The fitness represents the distance from the origin with respect to the time. Therefore, the further an individual proceeds to go right and the less time it uses to do so, the higher the resulting fitness value. As you can see, constructing a fitness function can be tricky and is highly problem depended.

Two other concepts that Stanley introduces are Novelty Search and Open-Ended Evolution. Novelty search refers to the idea of embracing innovation by rewarding new behaviour. Open-ended evolution is, as the name might suggest, an evolution that does not aim to reach an objective. I believe that it could be very interesting to see what evolution (and therefore computers) are able to achieve. Do they reach the human-level experience or even go beyond it and find interesting new ways of solving problems? I believe that these topics offer very interesting insight into „real“ natural evolution and might even offer some surprises for us humans.

Supervised Learning and Neuroevolution

Solving specific Artificial Intelligence (AI) related tasks is also referred to as narrow AI. I believe that the holy grail of general AI is very difficult to achieve. Instead, let’s try to divide it into subtasks. Deep Learning (DL) reached state-of-the-art results in various domains (e.g. image classification). However, constructing these complex ANNs within DL is a time-consuming task. Obviously, why not try to automate the task and use the time for more important things … like playing Super Mario World?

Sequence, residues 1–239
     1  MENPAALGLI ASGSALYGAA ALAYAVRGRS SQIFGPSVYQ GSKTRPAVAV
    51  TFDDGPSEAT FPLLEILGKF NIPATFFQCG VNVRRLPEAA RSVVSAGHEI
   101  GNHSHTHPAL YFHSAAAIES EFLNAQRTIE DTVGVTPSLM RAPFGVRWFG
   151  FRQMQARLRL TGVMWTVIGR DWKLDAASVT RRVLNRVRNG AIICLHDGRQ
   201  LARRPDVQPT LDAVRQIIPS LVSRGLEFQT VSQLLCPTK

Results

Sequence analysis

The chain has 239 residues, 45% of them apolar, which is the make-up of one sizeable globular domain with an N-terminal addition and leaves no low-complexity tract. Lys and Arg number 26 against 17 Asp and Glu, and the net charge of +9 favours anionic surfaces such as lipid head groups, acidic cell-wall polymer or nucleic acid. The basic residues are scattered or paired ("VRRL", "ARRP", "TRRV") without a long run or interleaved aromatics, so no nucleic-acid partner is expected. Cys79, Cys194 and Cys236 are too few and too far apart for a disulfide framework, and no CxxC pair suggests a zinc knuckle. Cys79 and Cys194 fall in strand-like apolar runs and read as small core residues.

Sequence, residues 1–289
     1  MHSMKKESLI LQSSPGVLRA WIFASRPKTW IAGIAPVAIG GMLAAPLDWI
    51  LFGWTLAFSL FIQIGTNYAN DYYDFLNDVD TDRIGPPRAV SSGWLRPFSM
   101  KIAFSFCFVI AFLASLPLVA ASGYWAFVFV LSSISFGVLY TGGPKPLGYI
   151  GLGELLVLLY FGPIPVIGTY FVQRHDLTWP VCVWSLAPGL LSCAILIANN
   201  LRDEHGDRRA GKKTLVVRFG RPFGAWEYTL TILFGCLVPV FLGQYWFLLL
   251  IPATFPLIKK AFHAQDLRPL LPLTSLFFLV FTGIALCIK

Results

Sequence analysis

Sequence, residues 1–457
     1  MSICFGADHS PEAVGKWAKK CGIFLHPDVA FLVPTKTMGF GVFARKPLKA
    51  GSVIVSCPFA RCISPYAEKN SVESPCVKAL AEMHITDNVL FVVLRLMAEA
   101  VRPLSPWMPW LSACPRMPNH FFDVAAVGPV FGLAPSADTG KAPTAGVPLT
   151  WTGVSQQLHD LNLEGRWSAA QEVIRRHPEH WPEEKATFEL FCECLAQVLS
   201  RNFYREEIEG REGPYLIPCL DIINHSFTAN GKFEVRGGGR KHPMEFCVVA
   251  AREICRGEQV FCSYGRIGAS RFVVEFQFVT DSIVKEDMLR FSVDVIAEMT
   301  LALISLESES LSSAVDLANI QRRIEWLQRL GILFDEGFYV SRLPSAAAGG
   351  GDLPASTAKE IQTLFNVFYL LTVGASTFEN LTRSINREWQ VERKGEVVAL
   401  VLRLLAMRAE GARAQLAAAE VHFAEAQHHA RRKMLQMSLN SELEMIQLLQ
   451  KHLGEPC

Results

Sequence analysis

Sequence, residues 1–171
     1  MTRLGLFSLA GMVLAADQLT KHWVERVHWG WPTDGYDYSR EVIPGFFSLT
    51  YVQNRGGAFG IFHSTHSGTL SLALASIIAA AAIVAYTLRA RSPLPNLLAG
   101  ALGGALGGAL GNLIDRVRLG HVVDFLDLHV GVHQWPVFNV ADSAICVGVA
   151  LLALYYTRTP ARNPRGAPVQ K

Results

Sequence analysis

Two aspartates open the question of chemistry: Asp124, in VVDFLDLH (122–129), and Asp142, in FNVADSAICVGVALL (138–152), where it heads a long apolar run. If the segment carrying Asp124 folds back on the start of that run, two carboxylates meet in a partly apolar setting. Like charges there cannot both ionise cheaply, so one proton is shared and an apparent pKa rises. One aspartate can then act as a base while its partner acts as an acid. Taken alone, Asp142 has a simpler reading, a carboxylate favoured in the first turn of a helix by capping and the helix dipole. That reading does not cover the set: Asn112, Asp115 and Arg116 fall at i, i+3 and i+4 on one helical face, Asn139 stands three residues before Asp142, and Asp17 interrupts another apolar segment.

Recent research from Uber, Google Brain and some others goes towards combining supervised learning with Neuroevolution. This can be seen as an architecture search for ANNs. Instead of evolving the weights, they are rather trained in a supervised fashion (e.g. backpropagation). In addition, they try to overcome the problem of NEAT being too fine-grained for some tasks. Instead of evolving topologies by adding single neurons or connections, there are approaches that are layer-based or module-based. As one might suspect, layer-based approaches use layers to construct the topology of an ANN. Module-based approaches try to build modules that can be reused to build larger topologies by assembling several modules (e.g. just like assembling inception modules together). In the following, I will briefly describe some approaches which I find interesting. In addition, they were actually able to demonstrate the success of evolving ANNs for supervised learning tasks.